I truly believe in the flattening of the world. But the amount of exaggeration that people have used in describing globalization is ridiculous. Friedman talks about a world where distance, geography, and language don’t matter. But my god they do!
Even when all are in common it does not mean a flattening in its entirety. Look at the Canada-US border. The biggest bilateral trade in the world and yet there is more trade between provinces in Canada than between states of similar size and distance. Obviously some people care about these boundaries are artificially as they are. When you look at trade figures I am shocked, not by the huge numbers, but by the small numbers. There’s still a huge amount of international trade however don’t get me wrong.
But I mean, globalization is occurring but is far far far from complete. In fact, policies are very fickle as well. I remember a picture on the cover of the Economist, in 2006 or something, of the future of globalization showing a beached wreck see it? haha its probably of the Aral Sea, what a calamity. Anyways... I guess I feel pessimistic because of the sub-prime crisis this year. Who knows what will happen. Policies are as capricious as the wind. And an election is coming up! Oh no… haha as decreasing numbers of votes turn out Americans find themselves with fewer leaders and choosing between as Nader said, between Tweedle Dee and Tweedle Dum.
As the world flattens, as it looks like it will in the coming years we might find many more Americans without jobs. After all, many of them are overpaid for jobs that others who are more tenacious and determined could do for much much less. Luddites destroyed machines in the past for taking their jobs. Nowadays theres lots of violence against the minorities that can take jobs. But its survival of the fittest right?!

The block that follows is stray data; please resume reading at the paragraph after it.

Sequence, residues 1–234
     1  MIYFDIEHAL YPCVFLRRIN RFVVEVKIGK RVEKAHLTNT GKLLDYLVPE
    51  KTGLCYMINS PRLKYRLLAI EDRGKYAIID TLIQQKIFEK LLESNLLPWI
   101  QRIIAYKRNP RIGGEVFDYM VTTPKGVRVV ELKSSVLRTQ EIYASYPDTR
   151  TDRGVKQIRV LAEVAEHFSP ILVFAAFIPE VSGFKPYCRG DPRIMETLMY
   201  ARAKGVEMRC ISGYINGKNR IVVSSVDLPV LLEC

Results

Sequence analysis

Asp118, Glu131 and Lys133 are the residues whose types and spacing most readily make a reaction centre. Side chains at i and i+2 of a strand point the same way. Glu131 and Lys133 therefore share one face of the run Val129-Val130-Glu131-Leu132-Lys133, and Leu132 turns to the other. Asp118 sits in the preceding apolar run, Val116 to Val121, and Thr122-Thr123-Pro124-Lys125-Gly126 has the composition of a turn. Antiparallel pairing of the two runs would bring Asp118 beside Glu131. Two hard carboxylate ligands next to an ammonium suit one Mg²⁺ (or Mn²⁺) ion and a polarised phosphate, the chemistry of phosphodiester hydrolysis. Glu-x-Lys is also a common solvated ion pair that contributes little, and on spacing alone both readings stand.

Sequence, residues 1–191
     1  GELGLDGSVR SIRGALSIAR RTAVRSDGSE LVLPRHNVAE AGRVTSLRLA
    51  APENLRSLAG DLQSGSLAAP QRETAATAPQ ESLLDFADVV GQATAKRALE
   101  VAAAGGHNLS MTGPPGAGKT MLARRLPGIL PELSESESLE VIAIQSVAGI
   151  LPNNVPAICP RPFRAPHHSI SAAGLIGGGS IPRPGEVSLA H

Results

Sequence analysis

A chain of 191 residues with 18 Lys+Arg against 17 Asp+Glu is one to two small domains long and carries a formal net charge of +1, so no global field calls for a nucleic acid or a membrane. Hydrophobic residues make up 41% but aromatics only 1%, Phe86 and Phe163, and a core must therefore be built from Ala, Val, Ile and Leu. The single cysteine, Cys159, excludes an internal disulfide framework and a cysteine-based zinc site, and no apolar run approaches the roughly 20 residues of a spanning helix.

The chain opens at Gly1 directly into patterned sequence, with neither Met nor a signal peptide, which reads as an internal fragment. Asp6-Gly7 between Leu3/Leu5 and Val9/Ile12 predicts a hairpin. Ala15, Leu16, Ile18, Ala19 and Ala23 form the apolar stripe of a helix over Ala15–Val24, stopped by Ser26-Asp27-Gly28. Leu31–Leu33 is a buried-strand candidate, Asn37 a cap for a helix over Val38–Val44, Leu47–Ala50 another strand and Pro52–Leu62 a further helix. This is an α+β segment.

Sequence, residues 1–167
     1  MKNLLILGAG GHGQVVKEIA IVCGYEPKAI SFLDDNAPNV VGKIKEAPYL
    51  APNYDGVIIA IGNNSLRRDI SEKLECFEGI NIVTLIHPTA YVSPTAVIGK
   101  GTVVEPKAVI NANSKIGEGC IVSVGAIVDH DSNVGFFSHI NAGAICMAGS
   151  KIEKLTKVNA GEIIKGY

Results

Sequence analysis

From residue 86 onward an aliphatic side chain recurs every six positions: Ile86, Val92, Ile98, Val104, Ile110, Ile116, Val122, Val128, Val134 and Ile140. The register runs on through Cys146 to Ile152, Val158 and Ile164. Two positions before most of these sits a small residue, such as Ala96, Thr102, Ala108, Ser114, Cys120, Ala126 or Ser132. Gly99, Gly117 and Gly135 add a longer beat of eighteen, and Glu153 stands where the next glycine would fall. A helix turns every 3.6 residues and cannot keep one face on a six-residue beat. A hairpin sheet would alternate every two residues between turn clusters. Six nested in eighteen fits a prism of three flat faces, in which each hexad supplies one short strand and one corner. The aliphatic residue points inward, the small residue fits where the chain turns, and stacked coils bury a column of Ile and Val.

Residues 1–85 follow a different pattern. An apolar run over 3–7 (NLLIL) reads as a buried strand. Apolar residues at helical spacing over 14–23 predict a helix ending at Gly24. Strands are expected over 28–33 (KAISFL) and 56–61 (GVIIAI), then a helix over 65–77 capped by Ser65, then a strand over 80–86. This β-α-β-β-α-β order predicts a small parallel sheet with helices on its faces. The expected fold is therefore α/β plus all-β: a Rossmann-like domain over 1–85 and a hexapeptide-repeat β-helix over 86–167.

In the future we will experience more shocking news. Jobs will be lost and gained. Economies will plunge and soar. People will be put in poverty and some will become richer than anyone has ever been. This years election will come and go. Gas will be become more expensive. Maybe the next google will come around. There is global warming. And hopefully mankind doesn’t destroy itself in the process.
I guess some people at this point, after reading Friedman’s book or whatever, will be wondering how to be on the upside prospering in spite and because of all these things. How to prosper and be the next Bill Gates and how to change the world! Well you need skills that no one else can utilize as well as you. You’ll need friends in high places and friends to keep you sane. And heck, Friedman doesn’t go to lengths on this, but you’re gonna need some luck because regardless of a flat world or not, the world is changing.
And yet. What I wonder is whether you’ll be happy. Is what really matters the end result? Because if that’s true, then you might as well be dead.
But anyways. Happy new year to all!!! Heres to a prosperous, educational, satisfying, fun, and happy 2008! *clinks glasses* (btw it was handed to us by a Macedonian waiter who works for a Turkish chef whose company of restaurants is owned by a Frenchman whose investment parters come from China, Korea and Japan selling Argentine meat to markets in India and Mexico. The connections go on and on and on, but at least the glass is made in the USA).